Lighting the future
The rapid rise of LEDs shows how quickly the lighting industry can be transformed. Jim Dawson, of SG Lighting, predicts the next revolution to sweep the market
The lighting industry could be on the brink of a smart tech revolution, which will boost workers’ wellbeing and improve productivity at the flick of a switch.
Biodynamic solutions that work in harmony with human body clocks are forecast to be at the forefront of future innovation.
They involve tunable white lighting, which uses a range of adjustable colour temperatures that replicate outdoor conditions and have been shown to have an effect on people’s emotions.
And their rise could be as rapid as the sudden surge in LEDs seen in recent years – transforming how we illuminate offices, factories, schools and hospitals.
Proving the benefits
Jim Dawson, Technical Manager at SG Lighting Ltd, predicted: “The next thing that is going to revolutionise the lighting industry will be 100% tunable white lighting.
“The human body has evolved over thousands of years to take our body clock cues from the sun.
“Biodynamic lighting is about giving back what we’ve lost by moving into these artificially lit caves we call homes and offices. We’re able to do this with a lighting system that is able to emulate the changing colour temperatures and changing intensity of outdoor lighting.”
Jim believes the rise in popularity of tunable white lighting is being driven by two factors – a cut in costs and research backing its benefits.
He said: “The cost has come down hugely. It used to only be in higher end ranges but now we have solutions which cost slightly less than the old fluorescent lighting. It’s very affordable now.
“The other factor is that research has been done showing the significant difference it can make. Biodynamic lighting has been around for a while but it was very difficult to get anyone to put solid figures to it. A test was done on a production line and there was a five to seven per cent increase in productivity. In a call centre it cut sickness by two per cent. That’s a massive amount of money to save.”
Jim highlighted two main ways tunable white lighting is used. He explained: “There’s a basic version – a teacher who wants kids to be alert in the morning can set it to a colder colour, like 6500K. At lunch you might go to 3000K to make it more relaxed.
“Then the gold standard is a true biodynamic 24-hour system. You link it to a 24-hour clock and it cycles on whatever rhythm you’ve chosen. It’s so smooth you’d never know the light was changing. Those systems have been expensive in the past. But we’ve brought in our own app control and it’s almost no money now. You can do it through a wireless DALI system and get a top end tunable white lighting system without the need for any wet trades or rewiring. It’s a game changer.”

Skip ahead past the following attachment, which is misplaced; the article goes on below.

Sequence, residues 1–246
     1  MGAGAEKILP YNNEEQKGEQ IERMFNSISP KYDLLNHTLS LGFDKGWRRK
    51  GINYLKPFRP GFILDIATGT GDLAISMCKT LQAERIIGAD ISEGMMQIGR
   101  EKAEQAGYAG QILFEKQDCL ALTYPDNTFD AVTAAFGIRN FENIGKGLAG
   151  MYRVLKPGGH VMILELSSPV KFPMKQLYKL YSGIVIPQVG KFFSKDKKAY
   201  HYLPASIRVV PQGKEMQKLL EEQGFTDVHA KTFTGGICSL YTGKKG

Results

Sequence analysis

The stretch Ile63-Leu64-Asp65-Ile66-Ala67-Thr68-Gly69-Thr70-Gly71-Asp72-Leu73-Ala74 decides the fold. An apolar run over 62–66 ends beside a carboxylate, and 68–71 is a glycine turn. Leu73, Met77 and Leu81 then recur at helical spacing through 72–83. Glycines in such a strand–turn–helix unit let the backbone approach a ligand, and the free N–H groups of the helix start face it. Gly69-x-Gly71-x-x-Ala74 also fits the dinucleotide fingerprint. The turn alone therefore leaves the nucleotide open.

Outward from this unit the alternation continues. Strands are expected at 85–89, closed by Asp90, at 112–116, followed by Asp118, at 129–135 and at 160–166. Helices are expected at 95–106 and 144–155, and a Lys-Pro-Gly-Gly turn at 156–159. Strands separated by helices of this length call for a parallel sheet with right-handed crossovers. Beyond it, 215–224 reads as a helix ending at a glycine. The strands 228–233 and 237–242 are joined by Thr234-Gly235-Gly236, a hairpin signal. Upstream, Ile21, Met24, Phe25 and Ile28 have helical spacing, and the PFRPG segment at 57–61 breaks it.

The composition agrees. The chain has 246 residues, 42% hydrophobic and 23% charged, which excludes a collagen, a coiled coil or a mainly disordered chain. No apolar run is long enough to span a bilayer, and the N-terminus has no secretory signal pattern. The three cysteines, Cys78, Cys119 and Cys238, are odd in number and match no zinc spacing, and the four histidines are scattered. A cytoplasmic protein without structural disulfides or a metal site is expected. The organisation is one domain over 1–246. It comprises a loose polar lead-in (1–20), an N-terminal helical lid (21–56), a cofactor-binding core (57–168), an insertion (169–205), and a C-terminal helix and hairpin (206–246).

Jim insists the move to smarter lighting won’t present a challenge for installers. He said: “There are almost no differences in installing a normal LED lighting solution versus a tunable white system.
“In the past, if you were doing a tunable white lighting solution it was essentially two systems in one – you’d have one at 3000K and one at 6500K. It was almost like having two light fittings in one, but that’s gone now and it’s really very simple.”
Describing one project he worked on at a school in Dundee, Jim added: “They didn’t have the budget to change all the wiring. But using a wireless DALI system they were able to introduce controls by just changing the light fittings. No extra wiring required, no fuss and it was all done in a heartbeat.”
Although the technology is only just starting to take off in the UK, it’s already widely used across northern Europe, particularly in hospitals.
Staff can use ‘sunshowers’ which drench them in 17000K light to help they stay alert through night shifts when other lighting is dimmed.
Jim believes the impact of the new technology will soon be seen more widely. He added: “We’ve had LG3 and LG7 and they’re the standards at the moment, but I’d be surprised if LG7 didn’t become superseded or at least involve an element of tunable white lighting. Five years ago we were talking about LED as something that might take over the market in the next ten or 15 years. Now almost every product we sell in the UK is LED.
“It’s going to be a long time before we see a revolution as fast as that but if you’re looking for what’s going to happen next, tunable white is right up there with the next generation.”
To find out more about tunable white lighting solutions, go to www.sg-as.com or you can email Jim at firstname.lastname@example.org